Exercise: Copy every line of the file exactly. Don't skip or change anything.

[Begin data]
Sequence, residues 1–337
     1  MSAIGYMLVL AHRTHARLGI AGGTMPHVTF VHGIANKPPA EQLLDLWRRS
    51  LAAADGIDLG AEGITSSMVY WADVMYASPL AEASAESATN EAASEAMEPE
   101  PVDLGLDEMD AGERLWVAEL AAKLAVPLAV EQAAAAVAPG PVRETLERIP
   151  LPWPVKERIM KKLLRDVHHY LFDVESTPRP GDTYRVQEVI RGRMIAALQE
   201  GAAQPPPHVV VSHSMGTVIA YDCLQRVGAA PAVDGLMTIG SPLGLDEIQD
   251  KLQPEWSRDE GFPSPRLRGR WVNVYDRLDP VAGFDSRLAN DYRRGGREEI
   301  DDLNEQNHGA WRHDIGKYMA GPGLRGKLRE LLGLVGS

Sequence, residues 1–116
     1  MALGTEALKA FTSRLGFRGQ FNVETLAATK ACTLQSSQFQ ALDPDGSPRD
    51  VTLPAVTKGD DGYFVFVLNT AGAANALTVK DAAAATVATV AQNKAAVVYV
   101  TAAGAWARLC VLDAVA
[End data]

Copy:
Sequence, residues 1–337
     1  MSAIGYMLVL AHRTHARLGI AGGTMPHVTF VHGIANKPPA EQLLDLWRRS
    51  LAAADGIDLG AEGITSSMVY WADVMYASPL AEASAESATN EAASEAMEPE
   101  PVDLGLDEMD AGERLWVAEL AAKLAVPLAV EQAAAAVAPG PVRETLERIP
   151  LPWPVKERIM KKLLRDVHHY LFDVESTPRP GDTYRVQEVI RGRMIAALQE
   201  GAAQPPPHVV VSHSMGTVIA YDCLQRVGAA PAVDGLMTIG SPLGLDEIQD
   251  KLQPEWSRDE GFPSPRLRGR WVNVYDRLDP VAGFDSRLAN DYRRGGREEI
   301  DDLNEQNHGA WRHDIGKYMA GPGLRGKLRE LLGLVGS

Sequence, residues 1–116
     1  MALGTEALKA FTSRLGFRGQ FNVETLAATK ACTLQSSQFQ ALDPDGSPRD
    51  VTLPAVTKGD DGYFVFVLNT AGAANALTVK DAAAATVATV AQNKAAVVYV
   101  TAAGAWARLC VLDAVA